Monday, October 8, 2012. I got up at the regular time
(no need for you to know what that is); stumbled across
the hall to my office, and opened up the computer to begin
another fun-filled exciting day of dealing with crashed cars,
mangled people, and all that entails.
About 2:30 the phone quit ringing for a while, so I
thought I’d take the opportunity to run (no, not literally)
over to the post office, mail some correspondence, and pay
that box rent fee that I neglected to pay at the end of last month – ending up with me getting evicted. Happens every time. They give me the notice at the first of the month for rent due at the end. By the time the end of the month gets here, I’ve forgotten about it completely. Thankfully, they always lock me out of the box within a couple of days, and that reminds me that I need to pay the rent. They’re helpful like that.
But, today, the windows are closed off with that sliding barricade, like they have in the mall. Nobody’s there, save a nice Hispanic lady who’s coming in as I’m standing in the air lock, looking for some sign, or something, explaining why they’re shut down. At first, I thought maybe it was still Sunday and I’d just lost track of time. I do that a lot. Then, I wondered if maybe they’d closed up in celebration of my daughter-in-law’s birthday. The lady could tell that I was confused. She said to me, in broken English, “I think it is Columbus Day.”
“Well…yes,” I replied, “That’s important! Thank you. Thank you very much.”
Imagine, if you will, my total shame and humiliation. Here am I – a natural-born, 100% red-blooded American man, and I had forgotten this most holy of holidays! Worse yet, I had to be reminded by an immigrant. It must be true what they say about them having a better grasp of our blessings than we do ourselves. Oh, the shame!
Now, with only a small portion of the day remaining, what was I to do about celebrating it? My Italian sailor suit had never been picked up from the cleaners after last year’s blow-out celebration. There were no ingredients in the house to prepare our traditional Columbus Day meal of pepperoni lasagna and that dark oily sauce that nobody knows the name of, to dip the bread in. Not a single bottle of Limoncello to be found. And the giant blow-up Santa Maria yard ornament was still buried up there in the attic, under all the Canadian Boxing Day stuff. I’d never get to it in time. I could rush off to Wal-Mart to buy the Nina and Pinta to complete the set (about time!), but what would be the use? This late, I was sure, they would be completely sold out.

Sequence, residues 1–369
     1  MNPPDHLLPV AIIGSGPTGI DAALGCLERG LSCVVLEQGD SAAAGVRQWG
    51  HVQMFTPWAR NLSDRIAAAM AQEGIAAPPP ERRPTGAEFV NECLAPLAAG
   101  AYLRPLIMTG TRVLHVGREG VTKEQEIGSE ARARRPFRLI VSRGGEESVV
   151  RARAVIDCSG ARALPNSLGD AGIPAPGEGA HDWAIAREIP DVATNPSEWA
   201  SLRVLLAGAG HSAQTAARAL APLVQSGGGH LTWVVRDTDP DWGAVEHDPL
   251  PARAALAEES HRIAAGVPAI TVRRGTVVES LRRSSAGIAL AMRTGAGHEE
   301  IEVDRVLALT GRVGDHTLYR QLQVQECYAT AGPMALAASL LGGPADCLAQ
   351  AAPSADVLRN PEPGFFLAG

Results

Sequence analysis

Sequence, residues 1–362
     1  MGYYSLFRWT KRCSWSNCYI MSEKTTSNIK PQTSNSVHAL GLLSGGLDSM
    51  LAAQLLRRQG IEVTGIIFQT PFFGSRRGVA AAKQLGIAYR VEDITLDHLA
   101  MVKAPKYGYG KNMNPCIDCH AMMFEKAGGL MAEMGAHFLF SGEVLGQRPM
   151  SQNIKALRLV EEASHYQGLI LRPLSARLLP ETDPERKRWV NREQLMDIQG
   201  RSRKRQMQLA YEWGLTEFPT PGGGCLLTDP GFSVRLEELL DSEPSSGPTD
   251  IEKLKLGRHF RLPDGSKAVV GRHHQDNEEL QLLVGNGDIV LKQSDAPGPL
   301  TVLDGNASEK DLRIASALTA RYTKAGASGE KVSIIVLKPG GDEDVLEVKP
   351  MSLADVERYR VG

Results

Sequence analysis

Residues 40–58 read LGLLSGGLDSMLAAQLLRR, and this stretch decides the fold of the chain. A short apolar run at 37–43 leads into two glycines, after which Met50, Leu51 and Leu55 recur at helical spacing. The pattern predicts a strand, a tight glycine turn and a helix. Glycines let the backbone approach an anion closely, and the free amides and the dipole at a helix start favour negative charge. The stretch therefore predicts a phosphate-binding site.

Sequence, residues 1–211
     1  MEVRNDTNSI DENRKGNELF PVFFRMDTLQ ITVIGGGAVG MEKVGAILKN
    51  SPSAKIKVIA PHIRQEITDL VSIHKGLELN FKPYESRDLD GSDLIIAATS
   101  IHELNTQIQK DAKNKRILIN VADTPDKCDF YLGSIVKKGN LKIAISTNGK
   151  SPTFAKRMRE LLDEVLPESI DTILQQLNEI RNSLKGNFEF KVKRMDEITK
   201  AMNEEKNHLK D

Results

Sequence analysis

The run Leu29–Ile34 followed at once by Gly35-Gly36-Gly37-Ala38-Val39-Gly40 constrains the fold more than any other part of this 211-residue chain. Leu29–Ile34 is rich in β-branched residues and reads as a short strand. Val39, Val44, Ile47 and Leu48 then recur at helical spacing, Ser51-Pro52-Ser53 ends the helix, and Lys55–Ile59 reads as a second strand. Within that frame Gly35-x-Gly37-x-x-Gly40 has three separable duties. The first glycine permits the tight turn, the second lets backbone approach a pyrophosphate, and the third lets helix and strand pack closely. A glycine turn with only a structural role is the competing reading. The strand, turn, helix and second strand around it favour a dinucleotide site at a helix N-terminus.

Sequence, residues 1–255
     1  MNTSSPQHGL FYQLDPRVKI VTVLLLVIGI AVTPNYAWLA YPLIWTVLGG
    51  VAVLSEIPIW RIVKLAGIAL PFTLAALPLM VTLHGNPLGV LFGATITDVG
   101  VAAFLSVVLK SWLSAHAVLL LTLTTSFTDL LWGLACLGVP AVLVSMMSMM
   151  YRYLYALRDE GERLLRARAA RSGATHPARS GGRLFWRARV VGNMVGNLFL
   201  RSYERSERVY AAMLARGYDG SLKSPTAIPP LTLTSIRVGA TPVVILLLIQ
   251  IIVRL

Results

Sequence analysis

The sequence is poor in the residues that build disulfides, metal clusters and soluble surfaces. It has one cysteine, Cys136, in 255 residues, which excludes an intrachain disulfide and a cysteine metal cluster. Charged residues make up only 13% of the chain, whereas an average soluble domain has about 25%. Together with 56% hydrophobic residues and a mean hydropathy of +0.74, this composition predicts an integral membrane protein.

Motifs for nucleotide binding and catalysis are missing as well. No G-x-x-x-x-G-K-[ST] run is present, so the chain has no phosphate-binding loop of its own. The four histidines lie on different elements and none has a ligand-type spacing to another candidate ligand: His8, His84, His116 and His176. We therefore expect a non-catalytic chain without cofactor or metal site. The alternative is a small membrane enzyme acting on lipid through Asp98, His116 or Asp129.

In my mind’s eye, I could see those post office employees – the ones who weren’t there to unlock my box – gathered with their families, wearing their funny hats, drinking Amaretto and eating pizza, singing “Albachiara” (I guess), giving thanks that the world didn’t turn out to be flat, and telling tales of the sea. Pinching each other’s bottoms – all in good fun. But, not me. No! I am a pagan whose only thoughts on this special day involved getting my work done. My precious work.
I can see it all clearly now. At the end of our lives, none of us look back and say “I wish I would have spent more time at work.” But there will be those of us who do look back, regretfully, and proclaim that, if we had it all to do over again, we would have spent more Columbus Days in joyous celebration, like our brothers and sisters in the US Postal Service. I know that now. I won’t be caught off guard this time next year.
Sail on, my friends. Sail on!
© 2012, Rick Baber